After reading the example, you may have deduced that the Future Time Phrase “going to” simply means somebody will do something in the future. In the above example, Levi will celebrate the occasion by planting a tree.
This can be rewritten as:
“Levi will celebrate Arbor Day.”
Both sentences are correct and have the same meaning.
Tara was goingto Ceylan when it changed its name to Sri Lanka.
Sometimes, Narrative Tense uses a mixture of tenses. For example, when talking about two events that began and ended in the past, you may have to use both Simple Past and Continuous (Progressive) tense. Especially if you were interrupted while doing something.
As you may recall, Simple Past Tense used the Infinitive Verb + ed. For instance, you may hear a Native English speaker say:
“Yesterday, I walked to work.”
This is a Simple Past Tense. The speaker began and ended their walk yesterday.
Writing in English is an incredible skill one can possess. It feels super powerful if you can write well in English. With our writing, we can convince, persuade or even bring business to our organization. Having said that, it could be a challenge for beginners to write perfectly in English. I would share the top 10 tips and tricks for beginners to be able to write as perfectly as a native writer in English.
Why is Writing in English so important?
English writing skills are obviously important for beginners. We all look for English lessons for beginners or search for classes or lessons to learn writing. Be it writing in English for article writing, writing a speech, Letter writing, Diary writing, writing for exams as IELTS or TOEFL. For those of you who wish to study abroad or apply for that dream job, your writing skill makes you stand out from the rest. Writing is the first thing that your future employer sees about you, be it through your CV or the cover letter you attach along with it. Writing is a skill that cannot be ignored. Whatever the reason, you probably need to improve your English Writing Skills.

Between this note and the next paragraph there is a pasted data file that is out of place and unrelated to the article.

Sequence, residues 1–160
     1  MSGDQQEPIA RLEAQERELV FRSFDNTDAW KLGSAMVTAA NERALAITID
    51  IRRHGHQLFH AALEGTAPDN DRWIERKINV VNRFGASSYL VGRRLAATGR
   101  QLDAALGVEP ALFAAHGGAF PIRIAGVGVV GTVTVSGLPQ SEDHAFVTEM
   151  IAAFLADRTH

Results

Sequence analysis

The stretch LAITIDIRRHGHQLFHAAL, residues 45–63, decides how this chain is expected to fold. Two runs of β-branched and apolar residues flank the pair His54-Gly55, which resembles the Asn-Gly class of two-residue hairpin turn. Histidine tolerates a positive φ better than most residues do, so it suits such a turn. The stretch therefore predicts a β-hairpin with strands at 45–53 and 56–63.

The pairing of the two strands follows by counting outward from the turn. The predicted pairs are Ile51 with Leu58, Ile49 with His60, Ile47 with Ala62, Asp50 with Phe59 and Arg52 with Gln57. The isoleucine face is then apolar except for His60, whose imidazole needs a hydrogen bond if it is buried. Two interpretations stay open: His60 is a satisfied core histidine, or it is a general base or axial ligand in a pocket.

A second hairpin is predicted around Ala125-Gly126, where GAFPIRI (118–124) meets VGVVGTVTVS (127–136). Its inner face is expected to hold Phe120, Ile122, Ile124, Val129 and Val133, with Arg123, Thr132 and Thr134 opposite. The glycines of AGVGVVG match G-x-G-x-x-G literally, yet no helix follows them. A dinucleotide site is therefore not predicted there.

Top 10 tips to follow as a beginner in English writing
Now that you know the importance of writing in English. what can you do to improve in writing? Practicing in English is a surefire way to improve your English writing skills. Here I share the top 10 English writing tips for beginners to help you improve your writing! 📝⚡️
Narrative Tense speaks of an event that began and ended in the past. Narrative Tense is often found in stories, books, textbooks, and descriptions of past events.
Like all tenses, Narrative Tense is created by conjugating The Verb, causing it to either match the sentence’s Subject or relationship to when an event occurred. For example,
“I write to you,”
uses the simple present form of the Verb “write,” indicating that the speaker wrote and will continue to write to the listener. This cycle of writing and sending letters could go on forever. However, to put the above example in the Narrative Tense, it would be written as:
“I wrote to you,”
Meaning that the speaker wrote the listener in the past, but might not write again. Here’s another example:
Homer felt sorrow because of a recent breakup. But, Homer didn’t cry. Instead, he slowly typed a poem. He knew it wasn’t going to be the greatest poem ever, but putting his feeling on paper helped him heal.